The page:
Kentucky Sawmill.
OWENSBOB£), Ky., Jan. 31.—One of
the most horrible disasters in the history
of Southern Kentucky has occurred
near Crow Hickman, a station on the
Owensboro and Nashville railway, nine
mile3 south of here. A boiler in the
portable sawmill of John Mercer ex
ploded, killing five men and severely in
juring .another. The explosion was
caused by running cold water into the
warm boiler. The engineer foresaw the
explosion and urged the bystanders to
run, but they regarded his warning as a
joke. The bodies of two of the men
were found torn to atoms in a tree, 75
yards from the scene of the accident.
Absorption of the Philadelphia Refiner
ies Held to Be Legal.
PHILADELPHIA, Jan. 31.—In the suit
by the United States government to test
the legality of the sugar trust's absorp
tion of the Philadelphia refineries, Judge
Butler has decided in favor of the trust.
As the case is a test one, it is believed an
appeal to the United States supreme
court will be made, so that no doubt of
the legality of the absorption of the local
refineries can exist.
Ordered Bank Dividends.
WASHINGTON, Jan. 31.—Comptroller
Eckels has ordered a first dividend of
40 per cent to be paid to approved cred
itors of the National Bank of North
Dakota of Fargo, one of E. Ashley
Mears* concerns, aggregating $19,000 a
first dividend of 15 per cent, carrying
I $43,500, for the creditors of the First
National bank of Hot Springs, S. D.,
and 20 per cent, amounting to $82,000,
for the Livingston National bank of
Livingston, Mon.
To Prevent Prize Fights.
JACKSONVILLE, Jan. 31.—The Inter
national Law and Order league is deter
mined that such an exhibition as took
place in this city Thursday shall not be
repeated in the country if means can be
found to prevent it, and as a beginning
has placed funds in the hands of the
local league with which to prosecute
Corbett and Mitchell, should the state
Died of Apoplexy.
ST. PAUL, Jan. 31.—Mrs. Charles H.
Gibbs, wife of the traveling auditor of
the Duluth road, died suddenly of
apoplexy. Mrs. Gibbs had been shop
ping and was passing in front of Mus
setter's drug store, on the corner of
Wabasha and Fourth streets, when she
was taken ill and fell unconscious to the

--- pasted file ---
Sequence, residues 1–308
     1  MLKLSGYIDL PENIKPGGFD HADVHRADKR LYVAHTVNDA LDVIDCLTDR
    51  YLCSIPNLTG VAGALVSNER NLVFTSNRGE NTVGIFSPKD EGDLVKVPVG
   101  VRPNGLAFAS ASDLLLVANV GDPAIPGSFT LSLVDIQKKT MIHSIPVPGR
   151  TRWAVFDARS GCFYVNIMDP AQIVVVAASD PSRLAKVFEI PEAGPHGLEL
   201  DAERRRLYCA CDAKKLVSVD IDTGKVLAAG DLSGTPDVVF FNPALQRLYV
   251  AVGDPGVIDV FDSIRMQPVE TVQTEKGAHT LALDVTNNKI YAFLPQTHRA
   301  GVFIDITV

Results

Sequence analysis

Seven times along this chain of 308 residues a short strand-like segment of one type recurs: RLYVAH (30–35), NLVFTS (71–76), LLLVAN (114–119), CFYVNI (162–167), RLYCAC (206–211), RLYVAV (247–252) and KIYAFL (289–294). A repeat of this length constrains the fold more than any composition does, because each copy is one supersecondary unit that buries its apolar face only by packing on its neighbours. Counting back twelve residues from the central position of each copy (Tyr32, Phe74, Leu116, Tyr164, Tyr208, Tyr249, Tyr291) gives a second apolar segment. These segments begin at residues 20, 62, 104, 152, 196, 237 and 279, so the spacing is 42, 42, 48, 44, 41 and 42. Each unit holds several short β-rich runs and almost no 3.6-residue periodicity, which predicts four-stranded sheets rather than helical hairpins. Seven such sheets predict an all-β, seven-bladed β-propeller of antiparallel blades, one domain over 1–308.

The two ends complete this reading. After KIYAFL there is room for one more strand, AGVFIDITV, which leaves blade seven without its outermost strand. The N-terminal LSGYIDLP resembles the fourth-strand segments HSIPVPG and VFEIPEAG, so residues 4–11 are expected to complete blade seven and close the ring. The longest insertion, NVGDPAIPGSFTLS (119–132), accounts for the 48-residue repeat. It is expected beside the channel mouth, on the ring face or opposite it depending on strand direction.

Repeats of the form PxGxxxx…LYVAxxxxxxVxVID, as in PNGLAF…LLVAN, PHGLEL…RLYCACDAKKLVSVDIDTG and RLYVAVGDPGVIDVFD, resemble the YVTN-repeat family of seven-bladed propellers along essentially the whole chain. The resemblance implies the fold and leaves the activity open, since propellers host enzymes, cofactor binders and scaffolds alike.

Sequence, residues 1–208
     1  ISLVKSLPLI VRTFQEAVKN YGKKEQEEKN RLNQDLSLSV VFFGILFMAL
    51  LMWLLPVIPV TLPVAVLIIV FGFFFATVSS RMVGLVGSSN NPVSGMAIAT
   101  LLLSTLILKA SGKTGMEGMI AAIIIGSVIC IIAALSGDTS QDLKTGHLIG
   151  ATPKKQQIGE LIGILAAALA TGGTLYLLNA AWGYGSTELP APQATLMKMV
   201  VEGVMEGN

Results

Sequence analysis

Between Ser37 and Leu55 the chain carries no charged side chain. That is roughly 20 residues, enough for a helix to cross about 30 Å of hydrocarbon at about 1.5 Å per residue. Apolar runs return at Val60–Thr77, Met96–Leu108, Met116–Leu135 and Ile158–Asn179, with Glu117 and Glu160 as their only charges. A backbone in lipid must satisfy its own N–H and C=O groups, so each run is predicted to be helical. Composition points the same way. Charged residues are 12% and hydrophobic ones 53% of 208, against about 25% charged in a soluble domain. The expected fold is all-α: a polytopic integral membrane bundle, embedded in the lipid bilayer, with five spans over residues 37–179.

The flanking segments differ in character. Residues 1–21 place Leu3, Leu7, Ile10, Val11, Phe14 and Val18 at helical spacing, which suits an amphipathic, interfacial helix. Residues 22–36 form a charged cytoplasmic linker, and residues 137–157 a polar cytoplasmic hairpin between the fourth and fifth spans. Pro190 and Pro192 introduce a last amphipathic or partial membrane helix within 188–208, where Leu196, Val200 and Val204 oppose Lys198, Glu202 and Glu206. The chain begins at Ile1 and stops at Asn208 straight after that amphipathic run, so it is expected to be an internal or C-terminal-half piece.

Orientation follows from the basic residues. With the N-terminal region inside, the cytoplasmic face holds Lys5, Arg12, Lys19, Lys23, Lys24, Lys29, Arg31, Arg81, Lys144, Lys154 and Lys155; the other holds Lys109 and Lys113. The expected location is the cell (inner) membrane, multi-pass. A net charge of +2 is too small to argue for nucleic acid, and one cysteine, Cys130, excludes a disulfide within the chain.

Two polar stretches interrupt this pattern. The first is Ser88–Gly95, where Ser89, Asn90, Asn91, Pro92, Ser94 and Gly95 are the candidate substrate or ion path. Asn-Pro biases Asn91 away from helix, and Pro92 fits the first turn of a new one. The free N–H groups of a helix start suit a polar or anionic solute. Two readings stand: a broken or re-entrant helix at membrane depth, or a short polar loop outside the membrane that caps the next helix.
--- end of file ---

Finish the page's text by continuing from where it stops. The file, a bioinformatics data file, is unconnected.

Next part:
sidewalk. She was carried into the drug
store and died five minutes later.
Brewer Bnsch Bead.
HASTINGS, Minn., Jan. 31.—J. L.
Bnsch, Hastings' pioneer brewer, died
suddenly from apoplexy. He was 65
{rears old,
A Skeptic Was Convinced When Saw
One Munching Mutton.
Hare is a dish never seen on a Spanish
table, because in Spain there is a super
stition that hares in the night go into
churchyards and dig up the graves and
eat the dead bodies. A writer who spent
some time shooting in Castillo, where
game is very plentiful, relates how he
was convinced^ thgfact that Jhe hares
do eat flesh. He had been told so by
the country people, but had treated their
assertion as a ridiculous fiction. The
next time he found himself in a party of
sportsman he repeated what he had
heard as a joke, but to his surprise every
one listened quite gravely and assured
him that it was perfectly true. They
themselves had frequently seen hares
eating flesh. Ashe still expressed doubts
on the subject, however, one of the com
pany offered to bet him 50 liters of wine
that he (the German) should see a hare
eating meat. The bet was accepted.
The next morning,very early, the Span
iard, the German and two greyhounds
went out to a great heath to look for
flesh eating hares. As they were sitting
waiting for the hares to appear, the
Spaniard, to the German's amazement,
took a little live crab out of his pocket.
"What do you want that for?" said the
German. "To catch the hare with," re
plied the Spaniard. It struck the Ger
man that perhaps the Spaniard had
brought him out merely to make a fool
of him. But then he reflected that that
was not the Spanish way with strangers.
So he held his tongue and went on wait
ing. By and by a fine hare appeared.
In a moment the two dogs were after
him (they, were well muzzled, so that
they could not do him any harm), and
in a few moments more the hare had dis
appeared again in his hole, and the dogs
were barking at its mouth. The men got
up and hurried after them.
"Now," said the Spaniard, "this is
Where my crab comes in." He pulled
out the crab and put it down at the